Tuesday, May 12, 2015


That's Brian Grazer, 63, gelled hair and all--and partner to Ron Howard in the movie production company Imagine.

He has produced blockbusters such as Splash, Apollo 13, and many others.

He credits his "people" skills and success to good listening, being in the right place at the right time, and being curious.

Curious is his favorite word--his book, written with Charles Fishman, is called A CURIOUS MIND. He thinks being curious trumps both creativity and innovation and in fact, leads to those.

He got started in the movie business after overhearing two guys talking outside his dorm window after graduating from college--one had quit an easy job in a movie studio--Grazer's ears perked up. He got right on the horn and somehow got the guy's former boss on the line and got an interview. Bam! He was in.

His entry-level gig was to deliver papers to famous people. Quickly he got the idea that meeting these people would be more informative and fun--so he said, Sorry, have to give this to him or her) in person. It worked. Often the agent or movie star would offer him a soda or something and they would talk.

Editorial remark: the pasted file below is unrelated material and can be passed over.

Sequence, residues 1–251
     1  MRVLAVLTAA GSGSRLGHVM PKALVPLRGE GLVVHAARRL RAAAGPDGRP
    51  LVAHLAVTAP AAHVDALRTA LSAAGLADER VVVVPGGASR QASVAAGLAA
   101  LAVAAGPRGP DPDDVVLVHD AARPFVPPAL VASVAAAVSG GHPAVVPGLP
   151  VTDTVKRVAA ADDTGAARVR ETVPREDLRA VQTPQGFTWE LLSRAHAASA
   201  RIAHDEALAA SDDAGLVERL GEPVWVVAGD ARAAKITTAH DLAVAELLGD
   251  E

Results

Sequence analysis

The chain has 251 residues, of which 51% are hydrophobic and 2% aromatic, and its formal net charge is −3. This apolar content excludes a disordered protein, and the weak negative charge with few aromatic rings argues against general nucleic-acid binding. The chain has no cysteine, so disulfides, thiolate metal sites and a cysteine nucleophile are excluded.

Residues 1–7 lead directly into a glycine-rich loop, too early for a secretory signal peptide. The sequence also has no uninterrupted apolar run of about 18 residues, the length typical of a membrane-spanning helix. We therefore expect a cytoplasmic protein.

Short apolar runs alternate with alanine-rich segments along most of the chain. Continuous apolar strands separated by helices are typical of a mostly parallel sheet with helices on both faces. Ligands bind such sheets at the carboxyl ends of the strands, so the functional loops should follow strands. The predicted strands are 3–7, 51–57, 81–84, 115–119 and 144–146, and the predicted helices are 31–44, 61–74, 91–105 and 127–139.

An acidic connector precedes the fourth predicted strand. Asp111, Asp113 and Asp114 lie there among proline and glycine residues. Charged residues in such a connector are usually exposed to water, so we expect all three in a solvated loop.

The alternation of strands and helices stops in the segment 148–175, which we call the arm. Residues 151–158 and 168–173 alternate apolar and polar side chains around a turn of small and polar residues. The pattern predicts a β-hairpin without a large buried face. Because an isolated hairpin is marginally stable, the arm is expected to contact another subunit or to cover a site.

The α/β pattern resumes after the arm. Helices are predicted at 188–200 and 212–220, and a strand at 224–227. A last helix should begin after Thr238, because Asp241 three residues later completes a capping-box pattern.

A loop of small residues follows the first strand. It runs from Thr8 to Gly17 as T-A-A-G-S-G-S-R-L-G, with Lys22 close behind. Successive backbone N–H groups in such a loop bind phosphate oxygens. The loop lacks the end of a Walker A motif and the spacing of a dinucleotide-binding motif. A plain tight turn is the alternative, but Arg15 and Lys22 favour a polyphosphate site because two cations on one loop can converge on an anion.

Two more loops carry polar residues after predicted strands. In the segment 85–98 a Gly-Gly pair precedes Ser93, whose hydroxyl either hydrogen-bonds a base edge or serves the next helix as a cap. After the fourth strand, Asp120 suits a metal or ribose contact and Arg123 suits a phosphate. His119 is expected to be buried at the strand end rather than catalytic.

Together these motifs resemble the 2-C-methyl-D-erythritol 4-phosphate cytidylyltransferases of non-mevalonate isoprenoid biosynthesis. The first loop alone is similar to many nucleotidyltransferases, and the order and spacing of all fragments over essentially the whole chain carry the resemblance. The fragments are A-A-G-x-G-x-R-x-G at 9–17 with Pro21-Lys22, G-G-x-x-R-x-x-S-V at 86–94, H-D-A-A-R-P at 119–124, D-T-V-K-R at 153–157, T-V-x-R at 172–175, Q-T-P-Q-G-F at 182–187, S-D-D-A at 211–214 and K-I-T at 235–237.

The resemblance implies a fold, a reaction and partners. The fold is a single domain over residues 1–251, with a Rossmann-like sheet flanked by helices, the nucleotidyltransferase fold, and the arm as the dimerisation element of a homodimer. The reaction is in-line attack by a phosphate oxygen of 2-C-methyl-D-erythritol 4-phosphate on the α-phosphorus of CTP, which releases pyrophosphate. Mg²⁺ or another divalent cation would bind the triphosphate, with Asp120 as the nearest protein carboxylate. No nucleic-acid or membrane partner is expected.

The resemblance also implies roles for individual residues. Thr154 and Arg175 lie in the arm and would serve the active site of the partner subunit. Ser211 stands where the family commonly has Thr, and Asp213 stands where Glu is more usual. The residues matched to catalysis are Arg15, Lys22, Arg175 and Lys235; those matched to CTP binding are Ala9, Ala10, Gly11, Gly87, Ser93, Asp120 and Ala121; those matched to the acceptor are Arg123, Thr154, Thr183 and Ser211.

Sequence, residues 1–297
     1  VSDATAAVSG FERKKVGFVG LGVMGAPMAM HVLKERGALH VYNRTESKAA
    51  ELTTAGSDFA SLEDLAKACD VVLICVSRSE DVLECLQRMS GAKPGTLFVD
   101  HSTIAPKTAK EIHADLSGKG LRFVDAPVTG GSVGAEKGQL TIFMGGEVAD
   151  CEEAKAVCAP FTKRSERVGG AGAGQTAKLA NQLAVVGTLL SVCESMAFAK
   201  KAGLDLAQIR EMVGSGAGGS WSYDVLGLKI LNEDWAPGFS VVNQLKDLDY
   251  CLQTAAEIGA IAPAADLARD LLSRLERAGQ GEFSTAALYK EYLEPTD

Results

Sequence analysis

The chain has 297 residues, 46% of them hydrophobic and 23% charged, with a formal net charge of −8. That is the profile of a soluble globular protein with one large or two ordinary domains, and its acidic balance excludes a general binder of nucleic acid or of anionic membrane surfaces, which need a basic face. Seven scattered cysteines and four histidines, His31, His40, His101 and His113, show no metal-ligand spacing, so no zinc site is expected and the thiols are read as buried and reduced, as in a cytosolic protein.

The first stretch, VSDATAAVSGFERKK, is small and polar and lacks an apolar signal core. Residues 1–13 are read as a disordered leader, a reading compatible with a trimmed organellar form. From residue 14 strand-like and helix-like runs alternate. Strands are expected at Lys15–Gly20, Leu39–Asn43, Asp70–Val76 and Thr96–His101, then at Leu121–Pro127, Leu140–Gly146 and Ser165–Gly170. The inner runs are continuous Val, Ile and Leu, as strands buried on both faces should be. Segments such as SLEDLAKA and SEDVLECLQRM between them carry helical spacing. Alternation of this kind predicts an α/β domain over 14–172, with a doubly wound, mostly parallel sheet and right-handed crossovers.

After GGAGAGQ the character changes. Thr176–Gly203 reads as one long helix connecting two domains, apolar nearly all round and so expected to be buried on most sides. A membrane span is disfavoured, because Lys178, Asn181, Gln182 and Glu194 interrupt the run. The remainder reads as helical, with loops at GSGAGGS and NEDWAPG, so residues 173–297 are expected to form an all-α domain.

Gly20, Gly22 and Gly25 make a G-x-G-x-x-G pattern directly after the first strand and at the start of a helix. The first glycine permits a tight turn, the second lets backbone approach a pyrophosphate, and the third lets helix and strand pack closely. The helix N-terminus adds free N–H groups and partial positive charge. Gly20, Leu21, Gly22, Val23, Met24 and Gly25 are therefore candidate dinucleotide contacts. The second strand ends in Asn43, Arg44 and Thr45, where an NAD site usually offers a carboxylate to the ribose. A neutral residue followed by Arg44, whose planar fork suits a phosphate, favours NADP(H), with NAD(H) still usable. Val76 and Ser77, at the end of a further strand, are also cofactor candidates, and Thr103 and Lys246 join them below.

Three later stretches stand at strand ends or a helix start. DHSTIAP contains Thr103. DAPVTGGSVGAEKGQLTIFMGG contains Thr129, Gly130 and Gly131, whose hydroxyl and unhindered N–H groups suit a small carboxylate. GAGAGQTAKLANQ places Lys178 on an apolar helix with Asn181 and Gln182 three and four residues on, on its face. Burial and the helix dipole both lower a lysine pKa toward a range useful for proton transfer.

He set about meeting one movie person a day--this went on for some time. Then he put his curious self to use trying to get short interviews with various people--including Edward Teller, father of the A-bomb, Lew Wasserman, inventor of movies, etc. He would call and call, get through gatekeepers, and finally get an audience and ask questions.

But I don't want to tell you the whole book. He insists that even when these little encounters did not work out as planned, he got a lot out of each and it helped him understand people and put oomph in his movies.

For one thing, I am not sure curious is the right word. Sure, he has wide interests and dedication, but seemed more to me to an interest in human motivations and backgrounds. The word curious--way overused in the book--somehow did not fit.

But I quibble.

I also found it ironic that Imagine will not let others--say unagented screenwriters like me--in the door--fear of lawsuits, they say. So how curious are they?

But no on can deny that Grazer is tireless, and self-confident. Creativity takes both of these.